5 things you might wrongly believe about GDPR and mail

Admittedly, the introduction of GDPR might seem daunting but don’t let it put you off sending out mail marketing. If anything, it’s even more reason to use mail as a marketing channel for your business.

Here are 5 things you might wrongly believe about GDPR and mail.

1. I need to meet all legal bases to be able to market to customers

You may be aware that when the General Data Protection Regulation (GDPR) came into effect in May 2018, it brought with it 6 legal bases for the processing of customer data.

The 6 legal bases look like this:

  • You have the consent of the Data Subject
  • It’s necessary for the completion of a contract
  • It’s a legal obligation
  • It protects the vital interests of the Data Subject
  • The task is carried out in the public interest
  • It’s in the legitimate interest of the data controller

Well the good news is, you only need to tick one of the above boxes in order to lawfully process customer data. For most marketing communications, option 1 (consent) or option 6 (legitimate interest) tend to be the applicable reasons.

2. I’ll need consent for all future marketing communications

This isn’t true. As highlighted in the first point, consent is one of the 6 lawful bases for processing. But there are five other reasons which could apply to your communication. Consent won’t always be the easiest or most appropriate option for you. Consider legitimate interest for your mail marketing.

Here’s what you need to know about legitimate interest:

If you can meet the conditions for legitimate interest, you won’t need consent for postal marketing. The same can’t be said of other communications such as calls, texts and emails.

GDPR has brought with it several challenges for marketers meaning mail marketing might be the only way they can now reach their customers.

This quote from the Information Commissioners Office (ICO) sheds some more light on legitimate interest:

“You won’t need consent for postal marketing…you can rely on legitimate interests for marketing activities if you can show how you use people’s data is proportionate, has a minimal privacy impact, and people would not be surprised or likely to object.”

The ICO has outlined that in order to use legitimate interests you need to apply the following 3 part assessment:

1. Purpose test: Are you pursuing legitimate interests?

2. Necessity test: Is the processing necessary for that purpose?

3. Balancing test: Do the individual’s interests override the legitimate interests?

You must balance your interests against the individual’s rights and freedoms. In particular, if they would not reasonably expect you to use data in that way, or it would cause them unwarranted harm, their interests are likely to override yours.

If you are relying on legitimate interests for direct marketing, the right or object is absolute and you must stop processing if someone objects to it. You must include details of your legitimate interests in your privacy notice too.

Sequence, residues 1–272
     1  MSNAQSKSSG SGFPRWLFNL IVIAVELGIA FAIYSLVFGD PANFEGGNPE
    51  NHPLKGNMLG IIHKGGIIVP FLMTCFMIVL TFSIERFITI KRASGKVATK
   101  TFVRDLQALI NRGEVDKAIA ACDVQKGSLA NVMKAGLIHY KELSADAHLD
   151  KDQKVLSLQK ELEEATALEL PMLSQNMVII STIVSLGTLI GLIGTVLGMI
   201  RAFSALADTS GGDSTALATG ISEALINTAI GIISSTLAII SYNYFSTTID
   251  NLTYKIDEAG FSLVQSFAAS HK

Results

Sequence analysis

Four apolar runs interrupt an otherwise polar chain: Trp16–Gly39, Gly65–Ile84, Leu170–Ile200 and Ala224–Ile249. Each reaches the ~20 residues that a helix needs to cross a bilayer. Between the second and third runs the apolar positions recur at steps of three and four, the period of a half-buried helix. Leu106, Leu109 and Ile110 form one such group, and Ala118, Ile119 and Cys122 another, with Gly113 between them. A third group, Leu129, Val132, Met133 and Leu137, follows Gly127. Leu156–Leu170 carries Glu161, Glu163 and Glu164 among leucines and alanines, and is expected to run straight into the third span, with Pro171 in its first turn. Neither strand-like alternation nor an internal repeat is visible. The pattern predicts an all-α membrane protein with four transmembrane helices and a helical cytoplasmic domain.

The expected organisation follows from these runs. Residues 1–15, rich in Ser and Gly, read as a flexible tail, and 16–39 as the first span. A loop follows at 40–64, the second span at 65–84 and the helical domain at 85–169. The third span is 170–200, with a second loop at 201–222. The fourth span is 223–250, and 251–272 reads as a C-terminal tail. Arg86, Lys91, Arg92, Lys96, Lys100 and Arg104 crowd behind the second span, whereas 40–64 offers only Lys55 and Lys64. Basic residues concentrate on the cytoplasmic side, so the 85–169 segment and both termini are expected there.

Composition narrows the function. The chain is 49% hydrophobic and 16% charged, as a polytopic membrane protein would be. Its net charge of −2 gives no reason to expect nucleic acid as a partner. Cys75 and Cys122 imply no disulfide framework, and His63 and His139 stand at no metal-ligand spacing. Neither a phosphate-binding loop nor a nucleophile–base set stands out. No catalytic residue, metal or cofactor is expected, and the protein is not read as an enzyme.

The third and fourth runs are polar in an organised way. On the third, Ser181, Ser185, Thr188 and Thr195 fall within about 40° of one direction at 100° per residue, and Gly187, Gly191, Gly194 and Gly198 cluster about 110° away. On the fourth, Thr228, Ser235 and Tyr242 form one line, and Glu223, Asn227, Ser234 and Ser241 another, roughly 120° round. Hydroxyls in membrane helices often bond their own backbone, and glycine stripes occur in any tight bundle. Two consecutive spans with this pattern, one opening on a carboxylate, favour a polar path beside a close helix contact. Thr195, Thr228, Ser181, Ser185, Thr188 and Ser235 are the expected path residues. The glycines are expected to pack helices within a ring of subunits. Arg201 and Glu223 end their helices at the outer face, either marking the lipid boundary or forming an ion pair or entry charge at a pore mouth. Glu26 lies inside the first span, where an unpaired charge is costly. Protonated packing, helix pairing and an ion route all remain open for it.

3. Email marketing is better than mail marketing

The reality is, mail marketing offers a higher response rate than email*.

Direct mail is welcomed in a world where trust and frequency are increasingly important factors to customers.

It’s recognised and appreciated that mail marketing takes more effort than sending an email. When mail is received from a brand, the customer feels valued and appreciated by them.

In fact, in a recent study, 86% of people who receive mail feel a better connection with the business who sent it**.

4. There’s no point sending out unaddressed mailers

92% of people read door drops delivered to their home and 20% of door drops are shared with other members of the household or referred back to when making a purchase***.

Door drops don’t use personal data and so GDPR rules do not apply. With this form of marketing you don’t need to have any concerns regarding the 6 legal bases for sending out a mailer.

Door drop marketing allows you to determine your target area and sees your marketing delivered along with addressed mail. It’s a simple way for companies to re-engage audiences without using any personal data.

5. I’ll face all sorts of regulatory unknowns with mail

Quite the opposite. Unlike electronic channels, mail is not in scope of the Privacy and Electronic Communications Regulation (PECR) or the proposed e-Privacy Regulation. This means brands will face fewer regulatory unknowns when contacting customers by mail in comparison to other channels.

Time to talk about your mail marketing?

Whilst GDPR legislation can seem daunting, the use of mail can be a door opener if you can meet the conditions for legitimate interest.

Our experts can help you engage with your customers and never miss an opportunity to contact them about your products or services.

At RNB all our staff are fully skilled in the nuances of GDPR and will be more than happy to help advise further on how to make sure your campaign is fully compliant.

Talk to us today

*US Data & Marketing Association Response Rate Report 2017

** Source: DMA

***Source: Royal Mail MarketReach